In 2014 a survey of 140 Victorian cancer multidisciplinary team meetings (MDMs) conducted by the Department of Health and Human Services (DHHS) identified significant variation in their operation. Development of a quality framework was recommended, which health services could use to measure their activities against state-wide standards. In response, Integrated Cancer Services (ICS) supported a project to develop this MDM Quality Framework.
The Framework is an agreed set of standards, indicators and measures, and a set of quality monitoring tools, for all Victorian cancer MDMs. It was drafted with reference to peer-reviewed MDM literature, DHHS policy, and consultation including clinician interviews, surveys, peer review and a test audit in seven tumour streams across five health services. Project validation included input from 25 phase one survey responses, 197 MDM participants, 40 ICS staff and 10 DHHS staff.
Standards developed included infrastructure support alongside “clinically facing” areas including patient referral and communications, and meeting organisation and conduct. Surveys asked MDM participants to rate recognition of the eight draft standards in their current practice. Three standards (meeting organisation, membership and leadership) received 100% support and a further three standards (infrastructure and organisational support, patient referral and MDM recommendations and communication) received over 90% support.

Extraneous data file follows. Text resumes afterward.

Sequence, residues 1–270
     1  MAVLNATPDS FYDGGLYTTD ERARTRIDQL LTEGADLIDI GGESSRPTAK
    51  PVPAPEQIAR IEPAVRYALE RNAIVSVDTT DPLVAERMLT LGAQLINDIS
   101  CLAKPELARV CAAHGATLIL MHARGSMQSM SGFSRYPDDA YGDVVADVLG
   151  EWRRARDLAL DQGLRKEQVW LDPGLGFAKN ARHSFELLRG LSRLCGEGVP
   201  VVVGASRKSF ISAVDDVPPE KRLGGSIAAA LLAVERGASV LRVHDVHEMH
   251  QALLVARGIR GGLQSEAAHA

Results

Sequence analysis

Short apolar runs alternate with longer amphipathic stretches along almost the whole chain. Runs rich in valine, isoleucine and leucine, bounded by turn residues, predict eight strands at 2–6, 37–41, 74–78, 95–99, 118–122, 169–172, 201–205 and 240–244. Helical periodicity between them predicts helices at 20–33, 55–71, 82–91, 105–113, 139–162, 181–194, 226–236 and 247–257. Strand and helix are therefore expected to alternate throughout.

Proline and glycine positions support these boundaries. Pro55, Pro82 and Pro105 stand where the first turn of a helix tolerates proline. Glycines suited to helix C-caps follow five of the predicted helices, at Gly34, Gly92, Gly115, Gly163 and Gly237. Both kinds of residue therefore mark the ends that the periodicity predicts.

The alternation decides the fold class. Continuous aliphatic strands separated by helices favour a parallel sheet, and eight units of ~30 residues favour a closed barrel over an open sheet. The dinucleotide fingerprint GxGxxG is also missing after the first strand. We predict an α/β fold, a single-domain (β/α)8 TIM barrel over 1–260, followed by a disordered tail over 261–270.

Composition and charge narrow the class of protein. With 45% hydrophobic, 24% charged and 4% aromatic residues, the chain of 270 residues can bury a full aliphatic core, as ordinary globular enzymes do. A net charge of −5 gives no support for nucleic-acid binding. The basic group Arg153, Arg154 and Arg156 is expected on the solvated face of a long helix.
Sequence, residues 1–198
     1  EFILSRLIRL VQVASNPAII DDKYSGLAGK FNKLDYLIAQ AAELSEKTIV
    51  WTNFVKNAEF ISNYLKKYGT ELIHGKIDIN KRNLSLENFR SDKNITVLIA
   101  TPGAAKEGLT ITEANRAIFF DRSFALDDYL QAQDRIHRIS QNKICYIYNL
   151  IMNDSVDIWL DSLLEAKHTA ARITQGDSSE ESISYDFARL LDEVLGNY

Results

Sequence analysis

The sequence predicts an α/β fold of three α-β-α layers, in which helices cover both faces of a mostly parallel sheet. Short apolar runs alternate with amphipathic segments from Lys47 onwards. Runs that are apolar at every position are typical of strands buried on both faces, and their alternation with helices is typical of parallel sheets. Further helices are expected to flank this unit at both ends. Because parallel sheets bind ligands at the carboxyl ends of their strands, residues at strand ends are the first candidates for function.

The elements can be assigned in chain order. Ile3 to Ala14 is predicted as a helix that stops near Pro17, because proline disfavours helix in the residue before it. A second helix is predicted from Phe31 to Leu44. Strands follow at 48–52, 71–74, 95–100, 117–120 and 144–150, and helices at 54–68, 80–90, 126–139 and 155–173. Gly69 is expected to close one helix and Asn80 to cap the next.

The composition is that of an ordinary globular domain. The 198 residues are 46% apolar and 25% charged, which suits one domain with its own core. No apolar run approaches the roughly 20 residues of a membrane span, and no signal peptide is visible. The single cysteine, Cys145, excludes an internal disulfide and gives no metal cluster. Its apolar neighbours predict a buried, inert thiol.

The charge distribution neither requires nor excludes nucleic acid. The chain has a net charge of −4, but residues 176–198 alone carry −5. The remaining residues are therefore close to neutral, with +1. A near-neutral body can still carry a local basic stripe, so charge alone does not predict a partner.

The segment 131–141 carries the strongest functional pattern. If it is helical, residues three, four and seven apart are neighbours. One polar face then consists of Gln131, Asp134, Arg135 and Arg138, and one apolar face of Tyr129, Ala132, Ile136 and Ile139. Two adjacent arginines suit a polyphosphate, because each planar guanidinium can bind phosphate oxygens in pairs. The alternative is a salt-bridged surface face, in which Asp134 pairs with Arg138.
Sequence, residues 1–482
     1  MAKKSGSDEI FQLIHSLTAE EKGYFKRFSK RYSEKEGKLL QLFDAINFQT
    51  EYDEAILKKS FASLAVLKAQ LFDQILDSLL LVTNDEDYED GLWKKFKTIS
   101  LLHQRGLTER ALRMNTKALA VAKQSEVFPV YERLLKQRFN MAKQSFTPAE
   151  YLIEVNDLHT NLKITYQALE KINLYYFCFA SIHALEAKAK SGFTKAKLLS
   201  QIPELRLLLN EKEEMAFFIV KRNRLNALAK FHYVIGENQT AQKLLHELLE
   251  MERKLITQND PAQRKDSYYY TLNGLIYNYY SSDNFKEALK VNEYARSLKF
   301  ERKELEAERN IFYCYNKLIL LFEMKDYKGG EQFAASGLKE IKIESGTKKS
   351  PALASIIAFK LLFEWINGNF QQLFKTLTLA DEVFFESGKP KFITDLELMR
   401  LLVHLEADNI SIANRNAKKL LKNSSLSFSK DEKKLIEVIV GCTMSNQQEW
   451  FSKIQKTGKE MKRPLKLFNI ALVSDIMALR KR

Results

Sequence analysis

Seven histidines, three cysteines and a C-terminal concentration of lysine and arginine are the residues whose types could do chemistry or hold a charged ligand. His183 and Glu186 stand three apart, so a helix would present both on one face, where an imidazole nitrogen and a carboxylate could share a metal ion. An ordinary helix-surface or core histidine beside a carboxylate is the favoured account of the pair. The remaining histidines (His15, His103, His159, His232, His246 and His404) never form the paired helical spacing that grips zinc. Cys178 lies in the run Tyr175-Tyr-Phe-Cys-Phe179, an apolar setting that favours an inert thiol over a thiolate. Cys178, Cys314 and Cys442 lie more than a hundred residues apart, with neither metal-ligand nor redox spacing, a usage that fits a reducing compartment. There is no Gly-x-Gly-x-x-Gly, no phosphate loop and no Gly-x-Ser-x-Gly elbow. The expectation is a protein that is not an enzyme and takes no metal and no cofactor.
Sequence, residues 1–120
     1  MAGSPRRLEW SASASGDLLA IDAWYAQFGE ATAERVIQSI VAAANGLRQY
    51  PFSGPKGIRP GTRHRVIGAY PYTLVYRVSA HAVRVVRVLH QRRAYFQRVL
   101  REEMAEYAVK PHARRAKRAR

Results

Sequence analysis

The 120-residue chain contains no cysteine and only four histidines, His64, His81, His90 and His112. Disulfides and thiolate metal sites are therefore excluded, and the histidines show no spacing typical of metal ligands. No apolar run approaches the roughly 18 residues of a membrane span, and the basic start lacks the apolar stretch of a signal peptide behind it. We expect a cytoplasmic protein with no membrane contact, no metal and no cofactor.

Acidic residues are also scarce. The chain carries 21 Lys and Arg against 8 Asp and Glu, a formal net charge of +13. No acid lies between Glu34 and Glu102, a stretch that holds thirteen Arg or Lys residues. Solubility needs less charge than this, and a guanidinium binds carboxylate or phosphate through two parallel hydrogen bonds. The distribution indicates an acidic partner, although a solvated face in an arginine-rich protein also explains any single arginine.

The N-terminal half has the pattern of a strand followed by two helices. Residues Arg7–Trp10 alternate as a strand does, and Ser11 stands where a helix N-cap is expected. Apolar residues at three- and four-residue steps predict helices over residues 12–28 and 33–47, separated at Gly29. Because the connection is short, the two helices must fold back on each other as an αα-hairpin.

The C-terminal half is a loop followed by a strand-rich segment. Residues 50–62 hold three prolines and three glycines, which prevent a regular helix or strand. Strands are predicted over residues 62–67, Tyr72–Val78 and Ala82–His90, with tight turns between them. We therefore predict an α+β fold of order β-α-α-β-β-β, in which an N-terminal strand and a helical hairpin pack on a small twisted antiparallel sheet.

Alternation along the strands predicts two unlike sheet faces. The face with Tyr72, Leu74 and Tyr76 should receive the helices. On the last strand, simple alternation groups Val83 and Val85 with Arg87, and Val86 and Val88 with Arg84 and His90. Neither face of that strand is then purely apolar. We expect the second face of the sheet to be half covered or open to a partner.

Framework audit tools were designed for auditors with limited understanding of MDM. The tools use a combination of data collection, MDM participant surveying, and interviewing. Organisations planning to improve MDMs will conduct a baseline audit against the Framework using these tools.
This audit will allow comparison of practice between MDMs within a service and against other services. This will establish future work and quality improvement through local and state-wide projects. Auditing will allow health services to align MDMs with existing accreditation activities, provide data to engage executive in change, and underpin business cases for improvement.
Post-implementation, quality improvement via routine auditing against the Framework will map success and future priorities. Improvement activities have already been initiated in two regional and one metropolitan health service that participated in the test audit.